Saturday, February 5, 2011
Posted by Alan Childress
Becoming the first general law review to publish its current issues as an ebook (plus its traditional print volumes), the Stanford Law Review now includes Kindle and the other ebook formats in its distribution. I helped the editors digitize the first academic-year issue, Vol. 63, #1, as part of the "Quid Pro Books" project I discussed at Law Librarian Blog before. (They are the publisher, of course, not me--though one is tempted to insert an article...) SLR's Issue 2 ebook will soon follow.
For now, Issue 1 is available in the Amazon Kindle store (and its UK store); at Barnes & Noble for Nook; on the iPad with these apps and also Apple's iTunes bookstore; and in multiple formats including Sony, ePub, and rtf at Smashwords. This issue features articles by Ryan Scott (on sentencing disparity), Scott Hershovitz (what Harry Potter means to torts), Robert Cooter & Neil Siegel (collective federalism), and Brian Galle & Jonathan Klick (AMT tax). Hope it's a convenient way to keep up with scholarship for some, and a necessary adjustable font for others. Enjoy.
Other Quid Pro updates: latest releases in print and all ebook formats include Robert Rosen's Lawyers in Corporate Decision-Making (more soon on that, as very pertinent to the blog topic), and the latest book from Amitai Etzioni, Law in a New Key: Essays on Law and Society.
Also re-released are two classic books: (1) the sociological study (so far in digital, soon in paper), Neil Smelser's Sociological Theory; and (2) in print/digital in political science and criminal law, Stuart Scheingold, The Politics of Law and Order.
Friday, February 4, 2011
The Florida Supreme Court accepted a referee's findings that an attorney was in contempt of a suspension order as a result of his continuing practice of law but rejected the proposed sanction of, in effect, a concurrent suspension nunc pro tunc to the earlier three-year suspension. Finding the contempt to be more than a "technical" violation, the court imposed disbarment.
Three days after the suspension, the attorney appeared (along with counsel who took over his practice) in an immigration matter. Neither attorney advised the court of the suspension. He conceded that, after suspension, he continued to meet with clients and assist new counsel.
The court found no basis to depart from the presumptive sanction of disbarment.
Concurring, Justice Pariente disgreed with the principal opinion on a procedural default issue and chastised the Bar for its arguments on the point:
Bar counsel's inaccurate representations concerning the record are exceedingly troubling. All sides in bar prosecutions must conduct themselves according to the applicable rules, without misleading the opposing party or this court.
Words to warm the heart of any accused attorney who feels unfairly treated at the hands of a bar prosecutor. Justice Pariente notes that the representations persisted throughout oral argument and were not thereafter corrected. (Mike Frisch)
Well, almost. This blog, due I am sure to Mike's content and tenaciousness (and oh those headlines), was named Blog of the Month by Penn State. Here. Let's hope Mike has a less frilly outfit than last year on the red carpet. TMZ was brutal. [Alan Childress]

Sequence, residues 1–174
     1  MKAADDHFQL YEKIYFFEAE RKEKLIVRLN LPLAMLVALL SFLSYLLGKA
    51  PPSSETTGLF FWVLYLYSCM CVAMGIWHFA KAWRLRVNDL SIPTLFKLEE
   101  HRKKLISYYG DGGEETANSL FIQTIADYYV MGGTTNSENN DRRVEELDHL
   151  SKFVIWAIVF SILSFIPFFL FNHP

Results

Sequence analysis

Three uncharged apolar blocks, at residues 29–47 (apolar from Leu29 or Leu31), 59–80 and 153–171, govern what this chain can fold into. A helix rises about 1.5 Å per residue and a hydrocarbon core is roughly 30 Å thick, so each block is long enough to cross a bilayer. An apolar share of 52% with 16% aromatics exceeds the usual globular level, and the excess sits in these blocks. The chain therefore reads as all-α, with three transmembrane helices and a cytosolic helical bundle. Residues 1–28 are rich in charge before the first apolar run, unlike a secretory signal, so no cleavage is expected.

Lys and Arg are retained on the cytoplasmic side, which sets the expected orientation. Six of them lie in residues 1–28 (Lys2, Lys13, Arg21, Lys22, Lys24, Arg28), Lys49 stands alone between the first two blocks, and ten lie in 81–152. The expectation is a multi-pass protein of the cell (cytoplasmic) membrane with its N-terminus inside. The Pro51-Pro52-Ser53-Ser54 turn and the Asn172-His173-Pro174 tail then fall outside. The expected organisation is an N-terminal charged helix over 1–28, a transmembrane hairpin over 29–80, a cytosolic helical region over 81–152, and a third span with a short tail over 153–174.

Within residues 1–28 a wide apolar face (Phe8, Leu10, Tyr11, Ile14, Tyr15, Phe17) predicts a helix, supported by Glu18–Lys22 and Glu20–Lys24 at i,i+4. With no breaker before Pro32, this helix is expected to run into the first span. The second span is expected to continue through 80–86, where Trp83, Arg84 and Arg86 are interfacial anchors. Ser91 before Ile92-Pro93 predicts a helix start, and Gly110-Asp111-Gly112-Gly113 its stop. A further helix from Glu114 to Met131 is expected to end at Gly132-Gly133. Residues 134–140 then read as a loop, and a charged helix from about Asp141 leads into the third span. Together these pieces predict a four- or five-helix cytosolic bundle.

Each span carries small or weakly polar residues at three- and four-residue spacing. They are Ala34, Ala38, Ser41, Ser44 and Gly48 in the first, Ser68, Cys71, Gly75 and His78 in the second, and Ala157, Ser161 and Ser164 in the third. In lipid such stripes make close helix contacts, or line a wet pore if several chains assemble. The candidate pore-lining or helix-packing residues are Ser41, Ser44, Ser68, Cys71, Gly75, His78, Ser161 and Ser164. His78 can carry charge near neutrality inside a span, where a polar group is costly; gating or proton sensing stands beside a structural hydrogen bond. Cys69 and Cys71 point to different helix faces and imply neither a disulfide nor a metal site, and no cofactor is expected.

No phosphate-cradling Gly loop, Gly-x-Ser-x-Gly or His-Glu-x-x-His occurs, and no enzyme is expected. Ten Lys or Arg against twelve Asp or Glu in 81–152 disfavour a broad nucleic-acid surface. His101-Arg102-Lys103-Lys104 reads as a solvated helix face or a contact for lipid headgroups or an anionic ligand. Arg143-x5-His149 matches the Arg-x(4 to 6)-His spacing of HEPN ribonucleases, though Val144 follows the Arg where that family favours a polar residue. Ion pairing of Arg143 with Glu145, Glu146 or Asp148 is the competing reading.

The Wisconsin Supreme Court has imposed a 60 day suspension with conditions on reinstatement in a matter in which the attorney had used a trust account for his own purposes after declaring bankruptcy. His problems multiplied when the trust account was closed by the bank for bad checks. The problems multiplied further when the bad checks were brought to the attention of the Bar and he failed to fully respond to the inquiries of the Office of Lawyer Regulation ("OLR")
The referee had considered evidence offered in mitigation:
At the hearing, Attorney...offered a number of explanations in an attempt to mitigate the sanction. The referee found those explanations fell generally into two categories: (1) the offenses, although committed, did not rise to the level of causing actual client harm; and (2) the offenses were related to various personal, business, physical health and emotional problems.
The referee determined the first category of Attorney...'s explanations was not persuasive. The referee concluded clients were not harmed because the bank had covered most of the overdrafts, but this did not mitigate Attorney...'s misconduct.
The referee found the second category of explanations more difficult to assess. The referee said Attorney...'s testimony was somewhat compelling as to his catastrophic life struggles and he had dealt with a number of life challenges during the time of the rule violations. The referee observed Attorney...'s testimony was professional and appropriate, and he did not contend he should be relieved of the consequences of his professional misconduct. The referee noted Attorney...'s personal circumstances may have called for a creative response for the imposition of discipline; Attorney, however, failed to file a post-hearing brief, although invited and required to do so. The referee found Attorney...'s failure to acknowledge communications after the hearing demonstrates he is not yet willing to do what is necessary to meet his professional responsibilities. The referee stated that although he was sympathetic to Attorney...'s daunting life circumstances, the record did not support a lesser sanction than called for by the facts of the misconduct.